Geron: A Biotech Stock With Potential For Long-Term Gains

| About: Geron Corporation (GERN)
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Geron Corporation (NASDAQ:GERN) may be a good investment on the basis of its patented drug candidate for myelofibrosis (MF). Myelofibrosis is a multi-billion dollar market with only a single symptomatic treatment available. In contrast, imetelstat, Geron's drug candidate for MF, has disease modifying potential. Therefore, if approved, imetelstat will be the only drug in the MF market that can modify the disease rather than treat its symptoms.

Geron has a long history in cancer and stem cell related research. An erstwhile stem cell company, Geron, after years of research in stem cell therapy and regenerative medicine shifted gear to target cancer stem cells.

Cancer stem cells and telomerase

Efficacy of a cancer treatment during its developmental stage is measured by its ability to reduce tumor size and improvement in survival time. Nevertheless, most drugs target only the tumor bulk, letting cancer stem cells alone, allowing cancer to relapse.

The ability of cancer cells to survive depends upon an enzyme called telomerase. Scientists who discovered telomerase in 1984 were awarded the Nobel Prize for their discovery.

Imetelstat is a telomerase inhibitor and the only drug that can pass through cells and specifically inhibit telomerase activity effectively.

In a proof-of-concept Phase II study for potential of the drug for hematologic myeloid malignancies including myelofibrosis (MF), imetelstat demonstrated stunningly improved results in patients who did not respond to conventional therapies such as hydroxyurea treatment.

Things started happening in the stock market on the Geron counter after Dr. Tefferi, M.D. of Mayo Clinic who sponsored a pilot study of the drug in MF, published an abstract saying that the study "signifies the potential value of telomerase-based treatment strategies in MF and identifies imetelstat as an active drug in that regard".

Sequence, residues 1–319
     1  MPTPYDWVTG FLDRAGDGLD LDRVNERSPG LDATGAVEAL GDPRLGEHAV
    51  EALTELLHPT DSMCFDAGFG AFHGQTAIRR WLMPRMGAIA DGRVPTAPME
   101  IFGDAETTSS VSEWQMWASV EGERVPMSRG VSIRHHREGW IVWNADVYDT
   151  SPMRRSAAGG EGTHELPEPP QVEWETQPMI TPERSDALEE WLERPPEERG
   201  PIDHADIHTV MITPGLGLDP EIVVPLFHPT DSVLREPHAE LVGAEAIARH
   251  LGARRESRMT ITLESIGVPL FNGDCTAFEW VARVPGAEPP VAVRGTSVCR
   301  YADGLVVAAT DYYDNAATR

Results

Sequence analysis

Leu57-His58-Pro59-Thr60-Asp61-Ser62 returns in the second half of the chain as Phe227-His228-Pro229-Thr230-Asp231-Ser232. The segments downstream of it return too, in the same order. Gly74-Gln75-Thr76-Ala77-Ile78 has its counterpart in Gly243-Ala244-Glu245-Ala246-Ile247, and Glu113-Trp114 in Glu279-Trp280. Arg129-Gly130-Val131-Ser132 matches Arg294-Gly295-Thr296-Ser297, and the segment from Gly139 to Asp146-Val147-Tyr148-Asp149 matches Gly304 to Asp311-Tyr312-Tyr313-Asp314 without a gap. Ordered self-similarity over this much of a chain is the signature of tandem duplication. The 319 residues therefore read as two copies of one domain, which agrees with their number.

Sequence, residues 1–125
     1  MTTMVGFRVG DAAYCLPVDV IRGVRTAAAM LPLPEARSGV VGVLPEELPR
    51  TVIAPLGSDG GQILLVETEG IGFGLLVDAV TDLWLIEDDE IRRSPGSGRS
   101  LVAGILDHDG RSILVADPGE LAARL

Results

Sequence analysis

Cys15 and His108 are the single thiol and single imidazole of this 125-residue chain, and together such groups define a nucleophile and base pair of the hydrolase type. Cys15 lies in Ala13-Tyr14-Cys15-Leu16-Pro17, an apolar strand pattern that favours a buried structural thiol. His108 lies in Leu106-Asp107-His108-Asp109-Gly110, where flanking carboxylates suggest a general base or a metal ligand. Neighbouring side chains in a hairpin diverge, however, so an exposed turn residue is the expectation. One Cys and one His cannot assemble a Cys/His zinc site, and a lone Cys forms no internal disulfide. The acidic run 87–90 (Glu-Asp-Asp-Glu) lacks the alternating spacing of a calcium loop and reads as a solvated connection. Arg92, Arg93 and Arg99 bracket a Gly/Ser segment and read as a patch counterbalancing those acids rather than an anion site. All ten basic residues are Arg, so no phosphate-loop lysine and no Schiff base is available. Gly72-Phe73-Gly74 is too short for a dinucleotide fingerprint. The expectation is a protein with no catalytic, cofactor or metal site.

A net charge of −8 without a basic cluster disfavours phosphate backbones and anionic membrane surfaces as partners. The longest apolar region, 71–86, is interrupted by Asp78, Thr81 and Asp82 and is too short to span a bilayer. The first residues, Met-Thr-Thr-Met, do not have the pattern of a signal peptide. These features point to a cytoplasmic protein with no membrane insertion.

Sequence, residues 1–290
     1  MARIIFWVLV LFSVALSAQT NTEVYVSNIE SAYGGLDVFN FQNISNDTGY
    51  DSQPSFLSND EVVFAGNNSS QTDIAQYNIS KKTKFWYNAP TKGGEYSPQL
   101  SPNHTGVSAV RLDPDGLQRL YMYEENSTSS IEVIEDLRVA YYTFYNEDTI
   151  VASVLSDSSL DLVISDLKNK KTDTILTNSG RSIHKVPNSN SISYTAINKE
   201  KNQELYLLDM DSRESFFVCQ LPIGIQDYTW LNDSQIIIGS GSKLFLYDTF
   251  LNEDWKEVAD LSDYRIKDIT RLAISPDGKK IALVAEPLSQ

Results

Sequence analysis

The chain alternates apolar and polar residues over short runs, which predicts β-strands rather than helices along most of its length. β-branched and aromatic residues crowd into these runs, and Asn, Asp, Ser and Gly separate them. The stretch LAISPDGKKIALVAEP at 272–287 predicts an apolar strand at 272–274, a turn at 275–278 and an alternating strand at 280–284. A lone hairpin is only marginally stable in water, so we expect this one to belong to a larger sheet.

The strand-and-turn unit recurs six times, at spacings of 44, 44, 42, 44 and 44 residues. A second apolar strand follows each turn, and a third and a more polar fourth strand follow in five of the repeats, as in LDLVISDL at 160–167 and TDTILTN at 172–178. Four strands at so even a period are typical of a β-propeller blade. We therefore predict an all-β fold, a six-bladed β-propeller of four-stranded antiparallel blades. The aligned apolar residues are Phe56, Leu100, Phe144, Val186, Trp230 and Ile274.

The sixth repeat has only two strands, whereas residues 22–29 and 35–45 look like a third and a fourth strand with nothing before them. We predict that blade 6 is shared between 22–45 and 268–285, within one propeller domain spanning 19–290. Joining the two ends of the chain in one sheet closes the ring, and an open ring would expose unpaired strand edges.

Financial implications
Currently there is only Incyte's (NASDAQ:INCY) Jakafi, a JAK inhibitor, available for treatment of MF. Gilead's (NASDAQ:GILD) JAK inhibitor drug is in Phase II while Sanofi's (NYSE:SNY) JAK 2 inhibitor is in Phase III. Both candidates have shown promise and if approved are expected to challenge Jakafi's domination in the MF market. JAK inhibitors however provide symptomatic relief and do not address the underlying disease unlike Geron's imetelstat.

According to the Leukemia and Lymphoma Society, MF occurs in 1.5 out of every 100,000 people in the U.S. annually. U.S. sales of Jakafi increased by 68% to $72.9 million in the quarter ended December 31, 2014. Novartis (NYSE:NVS), licensee for Jakafi outside the U.S., paid double the royalty this quarter as compared to the same quarter last year.

The market for treatment of MF is expected to grow to $1.13 billion by 2019. Being a first-in-class drug with disease modifying activity, it can be safely assumed that, if approved, Geron's imetelstat will be able to grab a major share of the market.

Besides myelofibrosis, imetelstat is being tested for two other related diseases as well. Since these, like MF, are caused by blood progenitors cells, chances are very bright of a favorable drug response in these studies as well.

Two investor concerns
Incyte has only one drug in the market and the market values it at $10.66 billion. Incyte's drug only treats disease symptoms, while imetelestat goes further and tries to modify/cure the disease. Hence, one can assume that on approval and successful launch of imetelstat, it will become a very important drug in this huge market. However, there are certain factors that investors must take into account.

In an 8-K filing, Geron disclosed that 25% of enrolled patients dropped out in an early stage trial. While this is taken as a negative -share price tanked 15% on this - the fact of the matter is that such dropouts are not an aberration. Even Incyte faced a similar situation during Jakafi trials.

However, funding trials is a matter of great concern. As of September 30, 2013, the company had $67 million in cash and cash equivalents. During 2012 the company spent $71.75 million on R&D and SG&A expenses on $2.71 million revenue. Evidently, it will be difficult for the company to continue ongoing studies without fresh funding.

Since partnerships/s may be difficult on the basis of Phase I trials, an offer to sell shares seems more viable. Moreover, Phase II data would evince more interest from potential partners.

The final word
Geron's stock could see some volatility near-term, which could actually be advantageous for smart investors. For the long haul, imetelstat sounds like a drug candidate with a lot of undeveloped potential.

Disclosure: I am long GERN. I wrote this article myself, and it expresses my own opinions. I am not receiving compensation for it (other than from Seeking Alpha). I have no business relationship with any company whose stock is mentioned in this article.